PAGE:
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The Devil You Know: A Black Power Manifesto

John Peeler: His thesis is that, in spite of the past and present program of Southern Whites to keep as many Blacks from voting as possible, Blacks have the potential, through migration, to reach majority status in several Deep South states
Devil You Know

Charles Blow, whose columns are well known to readers of The New York Times, has moved back to his native South. This short book makes the case for a massive, purposeful reversal of the Great Migration, the early-twentieth century exodus of Blacks from the Jim Crow South to such cities as Chicago, Cleveland and New York.

He is brutally direct in reminding us of the violent past of White Supremacy in the South, but he also spares us not at all in riveting our gaze on police brutality in the North, on top of the myriad more subtle ways northern Whites have kept the Blacks down. The North is no Promised Land; the South — well, we know the South.

His thesis is that, in spite of the past and present program of Southern Whites to keep as many Blacks from voting as possible, Blacks have the potential, through migration, to reach majority status in several Deep South states.

His thesis is that, in spite of the past and present program of Southern Whites to keep as many Blacks from voting as possible, Blacks have the potential, through migration, to reach majority status in several Deep South states such as Georgia, Mississippi, Alabama and South Carolina. They are already thirty percent or more of the population in each of these states. Before the Great Migration, Blacks actually had the majority Mississippi and South Carolina, and close to it in Georgia and Alabama.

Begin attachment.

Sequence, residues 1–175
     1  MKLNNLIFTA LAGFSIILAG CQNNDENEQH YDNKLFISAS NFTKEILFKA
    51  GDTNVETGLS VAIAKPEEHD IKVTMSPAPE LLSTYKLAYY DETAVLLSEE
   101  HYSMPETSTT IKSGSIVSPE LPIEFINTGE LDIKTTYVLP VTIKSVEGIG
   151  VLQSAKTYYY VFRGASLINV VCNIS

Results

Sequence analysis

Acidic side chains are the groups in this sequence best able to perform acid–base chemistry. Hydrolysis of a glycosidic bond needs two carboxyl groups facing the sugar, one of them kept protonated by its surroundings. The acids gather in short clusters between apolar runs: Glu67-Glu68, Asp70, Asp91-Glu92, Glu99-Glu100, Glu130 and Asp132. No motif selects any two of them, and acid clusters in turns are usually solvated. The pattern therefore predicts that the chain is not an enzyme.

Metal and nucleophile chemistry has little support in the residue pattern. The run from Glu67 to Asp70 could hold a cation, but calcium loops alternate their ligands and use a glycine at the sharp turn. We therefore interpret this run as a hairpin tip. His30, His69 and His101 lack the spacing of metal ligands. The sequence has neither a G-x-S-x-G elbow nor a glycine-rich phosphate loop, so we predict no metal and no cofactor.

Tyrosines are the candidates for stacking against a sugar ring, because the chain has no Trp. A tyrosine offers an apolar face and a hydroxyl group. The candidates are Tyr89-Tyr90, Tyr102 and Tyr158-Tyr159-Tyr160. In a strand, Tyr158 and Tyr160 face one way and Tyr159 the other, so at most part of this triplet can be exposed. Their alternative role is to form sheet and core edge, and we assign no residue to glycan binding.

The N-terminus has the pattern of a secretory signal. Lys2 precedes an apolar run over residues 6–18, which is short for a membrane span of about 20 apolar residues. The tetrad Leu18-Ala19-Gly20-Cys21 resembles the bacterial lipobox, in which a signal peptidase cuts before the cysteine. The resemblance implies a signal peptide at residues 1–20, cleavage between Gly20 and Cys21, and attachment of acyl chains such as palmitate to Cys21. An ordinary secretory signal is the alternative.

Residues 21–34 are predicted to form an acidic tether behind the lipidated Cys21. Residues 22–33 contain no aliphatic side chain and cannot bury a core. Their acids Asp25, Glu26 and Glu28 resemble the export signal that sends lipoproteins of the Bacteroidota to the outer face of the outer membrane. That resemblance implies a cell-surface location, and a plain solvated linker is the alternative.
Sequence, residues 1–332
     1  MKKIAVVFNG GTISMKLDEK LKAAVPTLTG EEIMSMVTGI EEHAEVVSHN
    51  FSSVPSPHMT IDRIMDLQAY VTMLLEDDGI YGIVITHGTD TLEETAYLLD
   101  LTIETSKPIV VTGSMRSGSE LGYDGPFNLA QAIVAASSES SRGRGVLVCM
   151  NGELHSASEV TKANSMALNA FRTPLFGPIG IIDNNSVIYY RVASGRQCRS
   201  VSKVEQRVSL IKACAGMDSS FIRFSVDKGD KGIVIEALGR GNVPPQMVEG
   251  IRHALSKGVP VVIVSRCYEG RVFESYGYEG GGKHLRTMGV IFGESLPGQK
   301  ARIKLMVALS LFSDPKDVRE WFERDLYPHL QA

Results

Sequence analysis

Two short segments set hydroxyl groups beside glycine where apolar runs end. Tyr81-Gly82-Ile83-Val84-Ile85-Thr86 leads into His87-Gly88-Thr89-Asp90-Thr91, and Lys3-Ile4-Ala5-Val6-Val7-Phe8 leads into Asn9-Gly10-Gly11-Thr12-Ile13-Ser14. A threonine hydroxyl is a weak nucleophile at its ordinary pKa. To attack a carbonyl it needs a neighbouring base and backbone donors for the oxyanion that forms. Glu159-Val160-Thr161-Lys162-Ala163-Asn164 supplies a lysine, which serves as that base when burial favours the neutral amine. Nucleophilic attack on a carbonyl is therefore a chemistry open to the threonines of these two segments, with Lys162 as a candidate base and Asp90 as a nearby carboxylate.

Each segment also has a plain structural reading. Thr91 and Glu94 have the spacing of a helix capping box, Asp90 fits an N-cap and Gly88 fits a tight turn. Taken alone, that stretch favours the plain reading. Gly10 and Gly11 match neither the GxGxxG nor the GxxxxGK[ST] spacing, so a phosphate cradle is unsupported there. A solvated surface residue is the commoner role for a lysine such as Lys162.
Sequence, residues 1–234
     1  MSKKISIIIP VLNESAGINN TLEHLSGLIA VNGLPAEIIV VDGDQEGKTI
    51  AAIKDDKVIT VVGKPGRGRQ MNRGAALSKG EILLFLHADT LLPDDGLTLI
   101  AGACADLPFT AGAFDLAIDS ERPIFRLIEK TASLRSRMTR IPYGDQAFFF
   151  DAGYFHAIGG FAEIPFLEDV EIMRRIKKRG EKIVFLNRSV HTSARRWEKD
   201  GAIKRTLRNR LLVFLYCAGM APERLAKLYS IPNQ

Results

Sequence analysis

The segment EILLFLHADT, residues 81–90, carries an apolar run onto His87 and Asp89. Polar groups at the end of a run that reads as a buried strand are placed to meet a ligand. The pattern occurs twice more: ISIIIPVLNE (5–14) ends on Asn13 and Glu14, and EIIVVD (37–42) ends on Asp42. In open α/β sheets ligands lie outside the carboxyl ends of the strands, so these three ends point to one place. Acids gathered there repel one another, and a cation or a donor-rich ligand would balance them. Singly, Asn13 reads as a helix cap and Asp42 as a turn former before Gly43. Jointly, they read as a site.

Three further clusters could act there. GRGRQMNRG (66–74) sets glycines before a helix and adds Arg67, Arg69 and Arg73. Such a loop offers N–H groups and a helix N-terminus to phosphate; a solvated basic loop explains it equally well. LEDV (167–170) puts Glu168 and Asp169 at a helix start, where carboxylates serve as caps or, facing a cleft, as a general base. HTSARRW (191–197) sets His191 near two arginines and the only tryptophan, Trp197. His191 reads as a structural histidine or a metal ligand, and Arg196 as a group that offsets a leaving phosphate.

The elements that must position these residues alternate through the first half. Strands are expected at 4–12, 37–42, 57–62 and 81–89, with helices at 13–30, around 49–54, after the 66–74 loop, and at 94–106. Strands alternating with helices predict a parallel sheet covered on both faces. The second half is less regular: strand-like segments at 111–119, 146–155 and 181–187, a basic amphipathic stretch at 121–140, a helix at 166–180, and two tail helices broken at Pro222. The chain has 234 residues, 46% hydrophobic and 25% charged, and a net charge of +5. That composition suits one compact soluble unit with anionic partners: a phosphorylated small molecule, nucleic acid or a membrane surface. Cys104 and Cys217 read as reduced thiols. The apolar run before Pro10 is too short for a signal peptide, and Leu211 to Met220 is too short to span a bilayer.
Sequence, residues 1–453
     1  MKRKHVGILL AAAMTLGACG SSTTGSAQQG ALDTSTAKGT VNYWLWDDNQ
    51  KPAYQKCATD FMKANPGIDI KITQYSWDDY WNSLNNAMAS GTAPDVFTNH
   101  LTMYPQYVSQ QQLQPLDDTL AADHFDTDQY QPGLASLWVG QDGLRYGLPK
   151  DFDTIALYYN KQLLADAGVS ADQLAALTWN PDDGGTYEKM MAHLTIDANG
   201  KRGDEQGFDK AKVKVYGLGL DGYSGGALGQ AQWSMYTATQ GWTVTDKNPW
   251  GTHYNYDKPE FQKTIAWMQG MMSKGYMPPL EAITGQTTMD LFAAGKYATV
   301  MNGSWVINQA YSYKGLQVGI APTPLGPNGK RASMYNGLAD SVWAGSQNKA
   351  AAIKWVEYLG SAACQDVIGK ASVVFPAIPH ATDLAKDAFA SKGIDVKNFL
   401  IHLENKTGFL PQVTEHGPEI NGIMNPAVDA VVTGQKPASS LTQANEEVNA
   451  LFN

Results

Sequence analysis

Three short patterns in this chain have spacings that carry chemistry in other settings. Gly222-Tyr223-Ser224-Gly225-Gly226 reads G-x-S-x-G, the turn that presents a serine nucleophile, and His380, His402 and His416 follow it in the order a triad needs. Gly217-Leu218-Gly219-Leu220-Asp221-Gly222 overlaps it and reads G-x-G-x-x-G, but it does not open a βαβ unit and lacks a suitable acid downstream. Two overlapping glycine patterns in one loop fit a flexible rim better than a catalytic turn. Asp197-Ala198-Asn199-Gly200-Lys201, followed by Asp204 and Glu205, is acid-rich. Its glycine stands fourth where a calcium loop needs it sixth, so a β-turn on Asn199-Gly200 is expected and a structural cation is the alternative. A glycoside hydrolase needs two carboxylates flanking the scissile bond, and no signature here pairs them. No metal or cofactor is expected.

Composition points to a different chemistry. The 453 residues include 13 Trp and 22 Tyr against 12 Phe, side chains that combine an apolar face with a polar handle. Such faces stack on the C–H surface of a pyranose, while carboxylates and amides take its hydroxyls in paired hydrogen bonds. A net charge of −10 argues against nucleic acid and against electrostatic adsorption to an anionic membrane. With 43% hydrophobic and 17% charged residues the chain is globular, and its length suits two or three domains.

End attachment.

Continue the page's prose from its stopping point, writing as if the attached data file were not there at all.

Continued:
His vision is that Blacks could actually control one or more of these states, not in coalition with others (liberal Whites, Latinos), but on their own. They could then set priorities reflecting the real needs of African Americans.

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The recent, close electoral victories in Georgia certainly give us a sense of the potential of mobilized Blacks to determine election outcomes. But these were coalition wins: Black voters were the largest bloc, but could not have won without the liberal and moderate Whites, and the growing Hispanic bloc. Blow envisions a time when Blacks alone will win statewide elections.

Oddly, for a Black man who grew up in rural Louisiana, Blow underrates the difficulty of what he proposes. Even if his proposed massive reverse migration brings Blacks to a popular majority, surely he does not imagine that present-day Southern political elites, grandchildren of the Dixiecrats, great-grandchildren of the architects of Jim Crow, surely he cannot imagine that they would yield control without a fight.

Today’s Republican South is more subtle than the old Jim Crow regime of the Southern Democrats. Instead of lynchings, they rely on police brutality. Instead of grandfather clauses and literacy tests, they rely on manipulating the voting rules in ways that disproportionately affect minorities. And they do accept substantial numbers of Black voters and officeholders.

In this sense, the “place” of Blacks has changed for the better, economically as well as politically. But the Whites will still demand that the Blacks know their place, and keep to it.

impeachment unavoidable

The struggle to gain control of one or more Deep South states will thus require much more than a demographic shift. By fraud and by force, Southern Whites will fight if their control is threatened. Blow owes it to his readers to acknowledge that.

John Peeler